Qwest DSL and Cable Company Internet service won’t cut it in the world Atkinson sees.    But that’s what Seattle – with no true competition – will be stuck with while 3D HDTV comes to Chicago, New York and San Francisco.

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1984

Is Big Brother Watching Seattle's Parks?

Is Big Brother Watching Seattle's Parks?

Original Post: 22 April 2008
One of the most terrifying aspects of the movie 1984 (author George Orwell) was the omnipresent “eye” – (I’m talking about the 1956 movie version staring Edmond O’Brien, not the 1984 version with John Hurt).   I remember seeing it as a teenager (I was a teenager, not the movie) in the 1960s.   And I really remember the flashing eye everywhere – on the street, in offices, in Edmond O’Brien’s room.   As a teenager, the possibility of this total lack of privacy was pretty scary.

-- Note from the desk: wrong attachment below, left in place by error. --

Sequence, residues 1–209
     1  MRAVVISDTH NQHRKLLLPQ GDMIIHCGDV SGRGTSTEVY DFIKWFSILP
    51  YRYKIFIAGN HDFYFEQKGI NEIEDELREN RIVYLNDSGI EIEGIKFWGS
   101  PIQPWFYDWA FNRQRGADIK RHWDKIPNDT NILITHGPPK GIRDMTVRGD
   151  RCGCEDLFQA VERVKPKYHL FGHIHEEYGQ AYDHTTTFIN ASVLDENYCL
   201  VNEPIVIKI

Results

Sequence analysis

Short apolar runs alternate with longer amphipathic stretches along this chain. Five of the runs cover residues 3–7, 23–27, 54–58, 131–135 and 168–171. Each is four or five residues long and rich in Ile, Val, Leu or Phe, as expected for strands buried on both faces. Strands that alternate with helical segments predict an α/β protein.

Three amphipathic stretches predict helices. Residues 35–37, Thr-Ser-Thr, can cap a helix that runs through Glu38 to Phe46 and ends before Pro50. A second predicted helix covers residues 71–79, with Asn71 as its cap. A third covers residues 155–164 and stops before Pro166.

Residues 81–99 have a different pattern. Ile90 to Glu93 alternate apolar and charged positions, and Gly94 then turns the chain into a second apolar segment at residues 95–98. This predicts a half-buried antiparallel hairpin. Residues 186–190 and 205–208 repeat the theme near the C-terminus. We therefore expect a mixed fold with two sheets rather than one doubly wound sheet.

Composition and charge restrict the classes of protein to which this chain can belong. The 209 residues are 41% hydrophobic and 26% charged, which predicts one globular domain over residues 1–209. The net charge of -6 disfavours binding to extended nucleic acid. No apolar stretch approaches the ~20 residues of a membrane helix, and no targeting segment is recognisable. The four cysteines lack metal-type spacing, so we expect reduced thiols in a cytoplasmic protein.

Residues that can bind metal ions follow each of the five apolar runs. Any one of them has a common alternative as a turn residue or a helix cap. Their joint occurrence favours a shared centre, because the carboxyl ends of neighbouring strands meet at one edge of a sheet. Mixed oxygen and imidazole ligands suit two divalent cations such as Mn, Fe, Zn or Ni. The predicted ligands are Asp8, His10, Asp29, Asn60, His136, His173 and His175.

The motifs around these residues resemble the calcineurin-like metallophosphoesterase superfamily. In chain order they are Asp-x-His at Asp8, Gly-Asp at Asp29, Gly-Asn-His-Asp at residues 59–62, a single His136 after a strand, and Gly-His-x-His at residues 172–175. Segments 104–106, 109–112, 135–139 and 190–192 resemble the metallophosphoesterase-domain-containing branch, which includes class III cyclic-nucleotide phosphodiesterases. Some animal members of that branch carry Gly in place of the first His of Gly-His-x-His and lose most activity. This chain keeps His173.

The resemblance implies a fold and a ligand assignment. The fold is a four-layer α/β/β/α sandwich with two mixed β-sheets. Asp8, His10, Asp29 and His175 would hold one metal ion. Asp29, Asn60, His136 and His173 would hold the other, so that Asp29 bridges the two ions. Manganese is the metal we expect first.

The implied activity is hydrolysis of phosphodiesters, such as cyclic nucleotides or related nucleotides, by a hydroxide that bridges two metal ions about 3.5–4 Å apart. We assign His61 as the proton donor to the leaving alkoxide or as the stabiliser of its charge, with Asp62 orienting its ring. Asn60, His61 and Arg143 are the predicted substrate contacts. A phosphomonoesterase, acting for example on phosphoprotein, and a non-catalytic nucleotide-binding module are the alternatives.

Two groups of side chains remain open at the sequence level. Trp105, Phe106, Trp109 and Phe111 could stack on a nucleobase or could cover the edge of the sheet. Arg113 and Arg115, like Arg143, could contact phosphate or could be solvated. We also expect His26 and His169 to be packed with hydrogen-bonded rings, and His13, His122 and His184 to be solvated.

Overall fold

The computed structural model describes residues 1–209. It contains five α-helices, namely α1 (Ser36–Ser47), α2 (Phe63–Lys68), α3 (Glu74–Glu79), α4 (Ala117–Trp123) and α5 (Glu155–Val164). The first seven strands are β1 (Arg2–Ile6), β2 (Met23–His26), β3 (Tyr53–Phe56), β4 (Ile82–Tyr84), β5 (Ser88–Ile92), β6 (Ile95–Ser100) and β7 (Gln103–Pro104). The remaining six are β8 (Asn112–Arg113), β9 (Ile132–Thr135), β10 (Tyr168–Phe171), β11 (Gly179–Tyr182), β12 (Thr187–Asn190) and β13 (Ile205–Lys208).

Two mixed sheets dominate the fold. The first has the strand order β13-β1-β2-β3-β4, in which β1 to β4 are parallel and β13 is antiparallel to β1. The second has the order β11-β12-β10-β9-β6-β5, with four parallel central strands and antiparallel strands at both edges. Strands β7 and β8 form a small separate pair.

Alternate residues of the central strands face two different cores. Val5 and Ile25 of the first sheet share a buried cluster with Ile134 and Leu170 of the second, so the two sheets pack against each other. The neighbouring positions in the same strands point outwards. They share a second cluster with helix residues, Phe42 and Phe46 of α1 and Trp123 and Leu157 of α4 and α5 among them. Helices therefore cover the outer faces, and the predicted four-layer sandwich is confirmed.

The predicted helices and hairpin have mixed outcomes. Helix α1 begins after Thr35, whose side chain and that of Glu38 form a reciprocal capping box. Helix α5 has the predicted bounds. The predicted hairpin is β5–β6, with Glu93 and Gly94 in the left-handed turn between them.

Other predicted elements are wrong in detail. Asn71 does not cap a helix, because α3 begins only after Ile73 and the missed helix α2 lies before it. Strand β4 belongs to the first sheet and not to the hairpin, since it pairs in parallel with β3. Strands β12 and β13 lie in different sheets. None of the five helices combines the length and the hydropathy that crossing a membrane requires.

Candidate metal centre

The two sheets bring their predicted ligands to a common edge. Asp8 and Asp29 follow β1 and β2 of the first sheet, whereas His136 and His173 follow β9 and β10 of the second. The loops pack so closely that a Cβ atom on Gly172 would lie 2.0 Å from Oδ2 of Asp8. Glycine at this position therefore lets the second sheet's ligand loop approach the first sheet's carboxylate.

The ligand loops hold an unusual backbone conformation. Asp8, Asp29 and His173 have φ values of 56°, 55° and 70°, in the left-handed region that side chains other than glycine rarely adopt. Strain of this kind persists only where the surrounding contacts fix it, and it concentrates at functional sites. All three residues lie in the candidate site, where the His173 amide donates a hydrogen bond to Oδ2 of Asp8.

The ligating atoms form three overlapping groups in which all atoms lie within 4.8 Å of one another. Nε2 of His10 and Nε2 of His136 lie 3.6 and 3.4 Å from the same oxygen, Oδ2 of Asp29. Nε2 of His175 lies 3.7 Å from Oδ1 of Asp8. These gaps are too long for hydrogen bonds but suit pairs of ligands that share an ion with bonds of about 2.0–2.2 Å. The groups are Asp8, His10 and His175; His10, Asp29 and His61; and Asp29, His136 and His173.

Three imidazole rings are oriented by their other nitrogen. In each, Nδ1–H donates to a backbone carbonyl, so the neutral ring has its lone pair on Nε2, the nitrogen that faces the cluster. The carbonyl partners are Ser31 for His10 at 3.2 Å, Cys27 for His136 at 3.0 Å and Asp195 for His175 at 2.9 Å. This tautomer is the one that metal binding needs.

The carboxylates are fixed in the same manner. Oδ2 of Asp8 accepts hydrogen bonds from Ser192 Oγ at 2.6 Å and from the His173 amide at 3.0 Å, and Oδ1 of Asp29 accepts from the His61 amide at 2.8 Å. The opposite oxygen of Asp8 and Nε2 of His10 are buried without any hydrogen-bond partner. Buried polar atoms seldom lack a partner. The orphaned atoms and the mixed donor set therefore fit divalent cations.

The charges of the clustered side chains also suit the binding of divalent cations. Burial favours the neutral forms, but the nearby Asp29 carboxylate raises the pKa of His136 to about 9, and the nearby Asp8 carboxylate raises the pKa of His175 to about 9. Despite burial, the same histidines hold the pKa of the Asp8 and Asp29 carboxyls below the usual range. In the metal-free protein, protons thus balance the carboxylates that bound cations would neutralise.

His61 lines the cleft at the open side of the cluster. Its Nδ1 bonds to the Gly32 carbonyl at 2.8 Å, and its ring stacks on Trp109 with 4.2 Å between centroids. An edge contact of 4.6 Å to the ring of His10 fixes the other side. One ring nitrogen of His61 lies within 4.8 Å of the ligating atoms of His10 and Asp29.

Video Cameras in Seattle Parks
Today the Seattle City Council had its first public hearing about cameras which the City has placed in Cal Anderson Park.  There is a significant concern by the ACLU and others about placing these cameras around the City, having “the government” (i.e. the Police, Parks Department or even City technology employees) able to view the video.  
Yet there have been hundreds of crimes and thousands of phone calls asking for police service in this park over the last few years.  Clearly many members of the public who use that park or live near it are concerned for their safety.

Crime and Video